When Your Health Insurance Doesn't Cover a Procedure

Patients May Have More Ways to Get Health Insurance Than They Think

Medical insurance claim form. Credit: Peter Dazeley / Getty Images

How can you make sure the treatment I need is covered by my health insurance? Know your insurance policy, understand your options and talk with your doctor.

"People make the assumption if the doctor orders it, it's going to be covered," says J.P. Wieske of the Council for Affordable Insurance, an insurance industry lobbying group.

Doctors view your condition through a medical perspective, though, not from an insurance standpoint.

Since they see patients who have a variety of insurance providers, they're often not as aware of the coverage provided by a particular company or plan as patients are—or should be.

Insurance policies are geared toward a broad population, so covered items are based on standard medical procedures for the average patient. Patients, though, have more alternatives—and more successes—in negotiating health care costs and benefits than many realize.

The Affordable Care Act's Effect on Coverage

The Affordable Care Act, enacted in 2010 (but mostly implemented in 2014) made sweeping changes to the regulations that pertain to health insurance coverage, especially in the individual and small group markets.

Under the new rules, health plans cannot exclude pre-existing conditions or apply pre-existing condition waiting periods (note that this rule does not apply to grandmothered or grandfathered individual market plans—the kind you buy on your own, as opposed to obtaining from an employer—but nobody has been able to enroll in a grandfathered individual market plan since March 2010, or in a grandmothered individual market plan since the end of 2013).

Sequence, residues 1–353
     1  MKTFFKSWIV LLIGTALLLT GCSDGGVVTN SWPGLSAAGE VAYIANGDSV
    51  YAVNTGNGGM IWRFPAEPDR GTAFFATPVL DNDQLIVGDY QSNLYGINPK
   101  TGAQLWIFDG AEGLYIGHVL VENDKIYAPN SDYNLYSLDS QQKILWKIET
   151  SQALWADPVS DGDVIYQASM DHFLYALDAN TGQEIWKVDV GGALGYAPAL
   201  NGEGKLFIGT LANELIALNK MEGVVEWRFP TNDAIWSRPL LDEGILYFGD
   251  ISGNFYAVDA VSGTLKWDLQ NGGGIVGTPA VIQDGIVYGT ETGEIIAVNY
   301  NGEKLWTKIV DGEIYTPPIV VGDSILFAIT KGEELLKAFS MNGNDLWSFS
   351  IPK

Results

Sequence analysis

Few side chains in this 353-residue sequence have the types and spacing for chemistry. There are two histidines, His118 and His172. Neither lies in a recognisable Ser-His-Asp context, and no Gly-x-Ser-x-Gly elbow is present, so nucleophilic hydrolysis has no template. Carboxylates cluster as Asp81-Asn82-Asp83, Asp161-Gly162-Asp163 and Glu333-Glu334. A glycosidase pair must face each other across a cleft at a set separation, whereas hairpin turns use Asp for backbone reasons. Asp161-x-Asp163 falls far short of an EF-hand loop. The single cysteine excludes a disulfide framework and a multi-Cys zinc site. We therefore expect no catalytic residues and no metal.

So if you're enrolling in your employer's plan or purchasing a new plan in the individual market, you no longer need to worry that you'll have a waiting period or exclusion for your pre-existing condition.

In addition, all non-grandfathered plans must cover a comprehensive (but specific) list of preventive care with no cost-sharing (ie, you don't have to pay anything other than your premiums), and all non-grandfathered, non-grandmothered individual and small group plans must also cover the ACA's essential health benefits with no dollar limit on the coverage.

 

All plans—including grandfathered plans—are banned from applying lifetime benefit maximums on essential health benefits. Large group plans don't have to cover essential health benefits, and neither do grandfathered or grandmothered individual and small group plans. But to the extent that they do cover essential health benefits, they can't cut off your coverage at a particular point as a result of a lifetime benefit limit (grandfathered plans can still have annual benefit caps on essential health benefits).